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Amerigo Bonasera seeking counsel from Vito Corleone in Francis Ford Coppola’s The Godfather (1972). Photo: Flickr/Steve Troughton

Amerigo Bonasera seeking counsel from Vito Corleone in Francis Ford Coppola’s The Godfather (1972). Photo: Flickr/Steve Troughton

Red herrings are still being used to conceal real arguments about democratic accountability within the Labour party, argues Lindsey German

What exactly does it take for local Labour members to be able to no confidence, criticise or even deselect an MP? It seems that the bar is so high that even a strong suspicion that the MP in question is going to join another party isn’t enough. Luciana Berger, the MP for the very safe Labour seat of Liverpool Wavertree, has long made plain her opposition to the policies of the Labour leader. In recent weeks she has refused to say that she wants to see Jeremy Corbyn as prime minister (when interviewed by Eddie Mair on LBC), and has refused to say that she will not join a new centre party (on Robert Peston’s show).

Surely this lack of public commitment to Labour and its leader would give anyone who voted for her or was in her constituency party serious cause for concern? After all, local members have a right to question her attitudes, especially if they may involve a fundamental breach with the party on whose ticket she was elected (after being parachuted into this safe seat against some opposition from those in the party).

Yet the tabling of motions of no confidence by members of her party in Wavertree has been met with complete outrage. Labour’s deputy leader Tom Watson has accused them of ‘bullying’, and demanded the party should be suspended. Harriet Harman has insisted that any criticism cease because Berger is eight months pregnant. And much of the criticism aimed at the local party centres on Berger’s experience of antisemitic abuse.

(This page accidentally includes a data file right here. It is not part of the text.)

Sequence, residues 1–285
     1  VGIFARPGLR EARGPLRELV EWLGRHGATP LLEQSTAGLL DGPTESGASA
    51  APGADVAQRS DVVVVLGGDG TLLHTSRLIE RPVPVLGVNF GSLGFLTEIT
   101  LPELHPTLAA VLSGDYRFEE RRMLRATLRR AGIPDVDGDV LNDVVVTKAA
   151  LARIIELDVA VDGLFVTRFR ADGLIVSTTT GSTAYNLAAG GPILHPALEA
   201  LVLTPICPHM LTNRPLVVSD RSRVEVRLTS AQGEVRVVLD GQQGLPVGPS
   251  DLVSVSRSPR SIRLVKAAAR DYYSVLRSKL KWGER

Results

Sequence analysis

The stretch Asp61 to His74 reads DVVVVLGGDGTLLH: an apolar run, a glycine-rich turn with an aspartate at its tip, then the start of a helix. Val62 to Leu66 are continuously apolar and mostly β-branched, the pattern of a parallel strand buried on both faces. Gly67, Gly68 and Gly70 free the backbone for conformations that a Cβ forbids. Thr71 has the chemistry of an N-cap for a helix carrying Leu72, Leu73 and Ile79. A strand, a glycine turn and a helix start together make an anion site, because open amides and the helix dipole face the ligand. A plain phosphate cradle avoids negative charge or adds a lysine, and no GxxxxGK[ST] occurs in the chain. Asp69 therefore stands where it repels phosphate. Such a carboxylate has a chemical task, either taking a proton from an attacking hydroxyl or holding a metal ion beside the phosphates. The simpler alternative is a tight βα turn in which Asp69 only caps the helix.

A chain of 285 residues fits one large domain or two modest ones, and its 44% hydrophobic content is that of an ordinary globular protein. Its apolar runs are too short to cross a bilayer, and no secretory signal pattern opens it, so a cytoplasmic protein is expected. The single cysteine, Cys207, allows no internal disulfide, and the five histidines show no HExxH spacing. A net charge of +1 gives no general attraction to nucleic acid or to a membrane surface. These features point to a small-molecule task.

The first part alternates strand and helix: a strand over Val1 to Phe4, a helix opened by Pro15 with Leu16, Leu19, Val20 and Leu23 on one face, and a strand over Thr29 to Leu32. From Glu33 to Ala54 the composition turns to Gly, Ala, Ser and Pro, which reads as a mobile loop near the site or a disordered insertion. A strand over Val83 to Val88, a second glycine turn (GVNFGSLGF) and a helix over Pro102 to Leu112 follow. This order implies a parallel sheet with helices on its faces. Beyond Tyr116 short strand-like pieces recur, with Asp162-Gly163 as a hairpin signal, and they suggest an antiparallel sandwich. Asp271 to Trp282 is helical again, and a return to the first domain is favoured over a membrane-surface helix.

Berger has spoken out about this abuse of which she has been the victim online - including it appears from Labour members. The abuse should be unreservedly condemned, from whichever source it comes. But it would also appear that the proposed confidence motions were to do with completely separate issues from antisemitism. They have now been withdrawn, but they concerned worries about her attitude to a new party and to Corbyn, both of which seem justified issues to raise in the circumstances.

It is perfectly fair enough for Berger and her supporters to argue that her advanced pregnancy should at least warrant delay to political debate on this, and that her receiving abuse should also be treated with the seriousness and sensitivity that it deserves. But it is not fair enough to take the view that her personal circumstances exclude any responsibility to account for her politics to her local party.

I don’t want to get into a tactical argument about whether the motions were right or whether they should have been put at the time they were. However, the pressure to withdraw them, including from the leader’s office, has actually made it harder for local activists to hold MPs to account, and has given the right wing MPs who are clearly planning their departure from Labour at some point a free pass to continue. And if there is an election in the next few months, as many believe, are we to witness the spectacle of some MPs running as Labour only to break from the party when they win in safe seats? That would be a shocking and cynical attack on Labour supporters everywhere and would only aid the right. We shouldn’t be making this process easier.

One reason this has all blown up is the rage felt among significant sectors of Labour MPs at Jeremy Corbyn’s letter to Theresa May about a possible Brexit deal. The deal is an attempt to outmanoeuvre May by putting forward a deal she can’t accept without splitting her own party. However, it is not a great deal and has been praised by EU leaders precisely because it would mean a Brexit still very closely aligned to the EU - possibly even as close as the so-called Norway model. There may be good tactical reasons for putting forward such a deal but it is hardly radical. Most worryingly, if accepted - which is admittedly unlikely given May’s attitude - it will tie Labour much too closely to a Tory Brexit, with all the consequences. It is already the routine line of questioning in news programmes to ask why is Corbyn propping up May.